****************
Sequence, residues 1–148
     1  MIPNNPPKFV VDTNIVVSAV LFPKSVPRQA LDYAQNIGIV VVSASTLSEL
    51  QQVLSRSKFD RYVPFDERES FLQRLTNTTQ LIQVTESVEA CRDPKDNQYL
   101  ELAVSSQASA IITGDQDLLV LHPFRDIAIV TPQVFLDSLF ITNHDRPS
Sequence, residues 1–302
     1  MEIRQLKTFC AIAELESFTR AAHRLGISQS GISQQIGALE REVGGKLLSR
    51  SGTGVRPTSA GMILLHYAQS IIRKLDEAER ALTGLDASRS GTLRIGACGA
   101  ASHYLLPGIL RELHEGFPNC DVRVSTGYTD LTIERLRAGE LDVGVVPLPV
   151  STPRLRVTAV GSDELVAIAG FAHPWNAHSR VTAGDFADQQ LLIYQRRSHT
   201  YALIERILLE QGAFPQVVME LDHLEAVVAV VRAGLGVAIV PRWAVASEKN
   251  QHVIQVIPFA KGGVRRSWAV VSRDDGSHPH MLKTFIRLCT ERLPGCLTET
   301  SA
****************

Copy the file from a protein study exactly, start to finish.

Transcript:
Sequence, residues 1–148
     1  MIPNNPPKFV VDTNIVVSAV LFPKSVPRQA LDYAQNIGIV VVSASTLSEL
    51  QQVLSRSKFD RYVPFDERES FLQRLTNTTQ LIQVTESVEA CRDPKDNQYL
   101  ELAVSSQASA IITGDQDLLV LHPFRDIAIV TPQVFLDSLF ITNHDRPS
Sequence, residues 1–302
     1  MEIRQLKTFC AIAELESFTR AAHRLGISQS GISQQIGALE REVGGKLLSR
    51  SGTGVRPTSA GMILLHYAQS IIRKLDEAER ALTGLDASRS GTLRIGACGA
   101  ASHYLLPGIL RELHEGFPNC DVRVSTGYTD LTIERLRAGE LDVGVVPLPV
   151  STPRLRVTAV GSDELVAIAG FAHPWNAHSR VTAGDFADQQ LLIYQRRSHT
   201  YALIERILLE QGAFPQVVME LDHLEAVVAV VRAGLGVAIV PRWAVASEKN
   251  QHVIQVIPFA KGGVRRSWAV VSRDDGSHPH MLKTFIRLCT ERLPGCLTET
   301  SA